Aussie Dev Calls For Community Games Ratings System

Aussie Dev Calls For Community Games Ratings System


We know that the Xbox 360’s Community Games don’t sell and don’t make any money. Aussie developer Halfbrick has a solution.

The biggest problem for the Community Games channel – other than we can’t access it here in Australia – is that Microsoft only highlight new releases. Speaking to Kotaku earlier today, Phil Larsen from Queensland studio Halfbrick, reckons they could be doing a lot more to promote the games.

“The Microsoft team is keen to support the community with technical advice and software updates, but a few key issues are severely limiting the consumer response. Namely the lack of any ratings system which gives the more acclaimed games better exposure. After a game is pushed from the New Arrivals section, it’s lost in the archives forever. Gamers don’t want to dig through the catalogue because they assume most, if not all of the XNA games are lousy, and without a rating system to show them that many are actually really good, there’s no reason for them to think otherwise.”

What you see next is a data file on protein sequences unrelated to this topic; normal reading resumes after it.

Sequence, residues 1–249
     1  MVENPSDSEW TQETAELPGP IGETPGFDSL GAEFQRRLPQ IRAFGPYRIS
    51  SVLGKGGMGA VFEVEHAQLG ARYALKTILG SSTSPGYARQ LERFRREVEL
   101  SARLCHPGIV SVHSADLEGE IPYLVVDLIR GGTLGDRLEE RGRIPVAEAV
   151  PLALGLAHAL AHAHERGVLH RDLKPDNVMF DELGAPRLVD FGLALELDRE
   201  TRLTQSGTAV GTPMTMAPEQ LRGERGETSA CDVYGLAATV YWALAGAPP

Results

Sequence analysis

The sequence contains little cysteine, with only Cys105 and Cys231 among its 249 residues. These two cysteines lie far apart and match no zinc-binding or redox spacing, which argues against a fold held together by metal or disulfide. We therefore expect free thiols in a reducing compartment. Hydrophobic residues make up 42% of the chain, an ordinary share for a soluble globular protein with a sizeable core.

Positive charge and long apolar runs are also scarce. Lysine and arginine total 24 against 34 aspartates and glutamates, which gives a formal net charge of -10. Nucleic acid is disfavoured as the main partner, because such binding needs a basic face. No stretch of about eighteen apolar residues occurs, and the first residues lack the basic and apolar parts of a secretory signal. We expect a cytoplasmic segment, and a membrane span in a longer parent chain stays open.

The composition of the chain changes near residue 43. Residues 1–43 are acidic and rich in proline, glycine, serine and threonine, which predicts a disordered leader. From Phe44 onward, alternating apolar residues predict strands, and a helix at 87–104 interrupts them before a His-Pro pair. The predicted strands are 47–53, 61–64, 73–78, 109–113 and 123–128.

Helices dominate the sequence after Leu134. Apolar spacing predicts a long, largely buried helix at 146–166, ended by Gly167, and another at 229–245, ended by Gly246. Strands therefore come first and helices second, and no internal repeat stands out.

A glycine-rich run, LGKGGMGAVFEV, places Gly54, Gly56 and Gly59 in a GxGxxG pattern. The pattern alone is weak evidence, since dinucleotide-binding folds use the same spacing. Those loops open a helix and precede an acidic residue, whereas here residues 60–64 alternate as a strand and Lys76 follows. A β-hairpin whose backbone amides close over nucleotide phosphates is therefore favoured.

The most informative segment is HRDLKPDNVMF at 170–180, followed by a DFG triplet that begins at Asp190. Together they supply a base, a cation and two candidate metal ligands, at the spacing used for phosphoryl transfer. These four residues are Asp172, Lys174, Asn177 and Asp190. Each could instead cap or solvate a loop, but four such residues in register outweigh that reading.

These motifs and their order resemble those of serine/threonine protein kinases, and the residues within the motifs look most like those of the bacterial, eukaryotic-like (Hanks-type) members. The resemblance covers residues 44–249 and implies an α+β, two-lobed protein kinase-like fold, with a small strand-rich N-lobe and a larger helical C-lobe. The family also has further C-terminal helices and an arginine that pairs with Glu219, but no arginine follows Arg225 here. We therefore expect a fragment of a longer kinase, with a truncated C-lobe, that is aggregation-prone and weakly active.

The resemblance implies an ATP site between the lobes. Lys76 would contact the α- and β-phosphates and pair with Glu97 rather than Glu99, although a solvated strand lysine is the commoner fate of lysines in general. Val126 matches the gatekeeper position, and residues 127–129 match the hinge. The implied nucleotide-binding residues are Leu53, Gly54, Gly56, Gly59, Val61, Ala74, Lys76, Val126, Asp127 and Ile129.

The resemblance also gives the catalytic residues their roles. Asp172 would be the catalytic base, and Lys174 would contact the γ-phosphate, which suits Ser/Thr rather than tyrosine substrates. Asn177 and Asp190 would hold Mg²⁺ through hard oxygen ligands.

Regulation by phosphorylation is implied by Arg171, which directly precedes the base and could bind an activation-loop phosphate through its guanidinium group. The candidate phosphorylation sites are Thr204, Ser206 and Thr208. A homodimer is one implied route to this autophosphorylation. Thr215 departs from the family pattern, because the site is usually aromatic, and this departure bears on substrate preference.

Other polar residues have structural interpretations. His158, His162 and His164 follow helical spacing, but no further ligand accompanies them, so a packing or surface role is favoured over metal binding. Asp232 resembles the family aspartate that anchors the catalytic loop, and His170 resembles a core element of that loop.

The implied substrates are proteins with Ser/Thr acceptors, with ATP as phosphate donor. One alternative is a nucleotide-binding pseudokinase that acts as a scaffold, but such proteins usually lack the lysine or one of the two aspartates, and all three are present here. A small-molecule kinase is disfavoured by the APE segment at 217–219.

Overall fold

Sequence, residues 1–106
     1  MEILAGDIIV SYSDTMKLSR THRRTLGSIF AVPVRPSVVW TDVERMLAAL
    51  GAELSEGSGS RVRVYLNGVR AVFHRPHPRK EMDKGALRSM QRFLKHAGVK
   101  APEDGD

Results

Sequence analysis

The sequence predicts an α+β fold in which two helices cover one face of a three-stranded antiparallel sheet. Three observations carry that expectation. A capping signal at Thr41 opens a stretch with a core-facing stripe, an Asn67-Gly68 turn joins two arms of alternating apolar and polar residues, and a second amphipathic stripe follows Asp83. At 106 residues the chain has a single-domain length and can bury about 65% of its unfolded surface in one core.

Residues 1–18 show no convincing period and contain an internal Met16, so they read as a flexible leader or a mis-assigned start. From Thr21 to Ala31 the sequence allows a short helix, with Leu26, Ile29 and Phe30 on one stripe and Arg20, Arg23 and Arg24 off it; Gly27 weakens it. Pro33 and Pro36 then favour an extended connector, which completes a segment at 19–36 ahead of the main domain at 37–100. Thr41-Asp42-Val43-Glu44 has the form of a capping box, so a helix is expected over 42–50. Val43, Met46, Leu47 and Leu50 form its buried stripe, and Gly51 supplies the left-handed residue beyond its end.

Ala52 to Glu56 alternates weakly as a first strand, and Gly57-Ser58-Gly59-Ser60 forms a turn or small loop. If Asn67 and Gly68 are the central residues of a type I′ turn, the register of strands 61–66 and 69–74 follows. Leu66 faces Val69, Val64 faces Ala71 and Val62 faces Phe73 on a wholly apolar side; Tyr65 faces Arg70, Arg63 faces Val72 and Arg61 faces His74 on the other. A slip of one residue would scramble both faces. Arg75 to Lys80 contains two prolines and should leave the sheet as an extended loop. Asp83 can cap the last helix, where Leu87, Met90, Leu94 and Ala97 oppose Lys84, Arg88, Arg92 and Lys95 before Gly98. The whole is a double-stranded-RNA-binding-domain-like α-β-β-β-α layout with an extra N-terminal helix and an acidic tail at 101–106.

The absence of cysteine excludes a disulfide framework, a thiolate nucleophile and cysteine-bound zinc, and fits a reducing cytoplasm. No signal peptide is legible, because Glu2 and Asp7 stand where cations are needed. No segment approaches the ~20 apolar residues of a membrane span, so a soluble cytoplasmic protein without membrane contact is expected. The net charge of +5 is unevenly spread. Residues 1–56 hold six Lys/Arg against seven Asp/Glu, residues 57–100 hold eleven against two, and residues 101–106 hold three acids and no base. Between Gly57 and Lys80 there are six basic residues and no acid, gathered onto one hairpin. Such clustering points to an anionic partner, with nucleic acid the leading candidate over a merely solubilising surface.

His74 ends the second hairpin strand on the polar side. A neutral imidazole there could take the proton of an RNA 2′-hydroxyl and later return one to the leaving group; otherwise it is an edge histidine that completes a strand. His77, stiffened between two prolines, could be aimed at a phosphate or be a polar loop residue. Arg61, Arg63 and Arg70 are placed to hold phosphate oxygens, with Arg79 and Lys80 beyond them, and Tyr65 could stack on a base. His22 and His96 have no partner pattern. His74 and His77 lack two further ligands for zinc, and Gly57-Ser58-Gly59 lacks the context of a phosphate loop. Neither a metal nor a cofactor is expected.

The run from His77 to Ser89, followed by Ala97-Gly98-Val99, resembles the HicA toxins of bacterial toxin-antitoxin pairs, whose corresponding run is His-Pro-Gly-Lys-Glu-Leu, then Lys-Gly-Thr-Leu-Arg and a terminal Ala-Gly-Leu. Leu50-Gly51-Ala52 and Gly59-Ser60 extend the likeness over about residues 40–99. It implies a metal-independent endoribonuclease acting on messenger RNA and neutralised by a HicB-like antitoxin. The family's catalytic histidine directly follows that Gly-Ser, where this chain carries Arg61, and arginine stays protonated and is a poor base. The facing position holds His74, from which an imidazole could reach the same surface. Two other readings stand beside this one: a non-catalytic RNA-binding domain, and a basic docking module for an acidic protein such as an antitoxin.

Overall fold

It’s hard to argue with that. Community Games already has a peer review system in place to ensure all games available for purchase are free of bugs, glitches and offensive or copyrighted content. Why not add a simple 5-star rating system that let users help each out in identifying the best the service has to offer? Come on, Microsoft, it can’t be that hard.


  • Makes a lot of sense to me. You can’t really have a “Youtube Of Games” without letting users add ratings or bookmark favourites.

  • It will never be a “YouTube of games” if it’s not available internationally. Especially (in our case) when their are aussie developers creating games we don’t get to play.

  • @stalker

    Dunno. Microsoft previously said it would be out early this year. Then when that passed it became “TBC”. I’m thinking they’re looking to iron out all the problems with it before we see a proper global launch.

  • @David

    I read somewhere that the delay’s more likely to be related to the fact that the games aren’t classified and since they’re normal games they can’t fit in the MMO loophole.

    Also the peer reviewing doesn’t ensure all games a bug free, they only need to be passed by a minimal amount of reviewers to get into the store.

    Phil Larsen is far from the first person to mention a ratings system. It’s a pretty common suggestion in the community.

  • Sure there are external sites that give great feed back on games. But having a rating system in box, is a much more streamlined approach to get those titles sold.

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